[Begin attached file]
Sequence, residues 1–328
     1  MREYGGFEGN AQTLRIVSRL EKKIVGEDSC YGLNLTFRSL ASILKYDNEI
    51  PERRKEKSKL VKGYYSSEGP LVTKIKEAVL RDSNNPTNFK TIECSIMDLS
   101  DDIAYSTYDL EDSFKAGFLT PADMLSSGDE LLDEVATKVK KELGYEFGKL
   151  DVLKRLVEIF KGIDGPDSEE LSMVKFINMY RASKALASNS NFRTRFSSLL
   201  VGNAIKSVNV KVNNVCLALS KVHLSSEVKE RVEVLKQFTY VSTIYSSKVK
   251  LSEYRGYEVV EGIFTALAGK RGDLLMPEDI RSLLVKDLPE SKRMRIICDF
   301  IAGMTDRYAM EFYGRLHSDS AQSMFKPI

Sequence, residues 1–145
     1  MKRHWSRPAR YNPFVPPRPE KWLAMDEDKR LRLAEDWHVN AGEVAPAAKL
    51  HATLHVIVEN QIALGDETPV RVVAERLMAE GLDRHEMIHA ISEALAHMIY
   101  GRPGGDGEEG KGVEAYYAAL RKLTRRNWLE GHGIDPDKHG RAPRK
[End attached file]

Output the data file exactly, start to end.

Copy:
Sequence, residues 1–328
     1  MREYGGFEGN AQTLRIVSRL EKKIVGEDSC YGLNLTFRSL ASILKYDNEI
    51  PERRKEKSKL VKGYYSSEGP LVTKIKEAVL RDSNNPTNFK TIECSIMDLS
   101  DDIAYSTYDL EDSFKAGFLT PADMLSSGDE LLDEVATKVK KELGYEFGKL
   151  DVLKRLVEIF KGIDGPDSEE LSMVKFINMY RASKALASNS NFRTRFSSLL
   201  VGNAIKSVNV KVNNVCLALS KVHLSSEVKE RVEVLKQFTY VSTIYSSKVK
   251  LSEYRGYEVV EGIFTALAGK RGDLLMPEDI RSLLVKDLPE SKRMRIICDF
   301  IAGMTDRYAM EFYGRLHSDS AQSMFKPI

Sequence, residues 1–145
     1  MKRHWSRPAR YNPFVPPRPE KWLAMDEDKR LRLAEDWHVN AGEVAPAAKL
    51  HATLHVIVEN QIALGDETPV RVVAERLMAE GLDRHEMIHA ISEALAHMIY
   101  GRPGGDGEEG KGVEAYYAAL RKLTRRNWLE GHGIDPDKHG RAPRK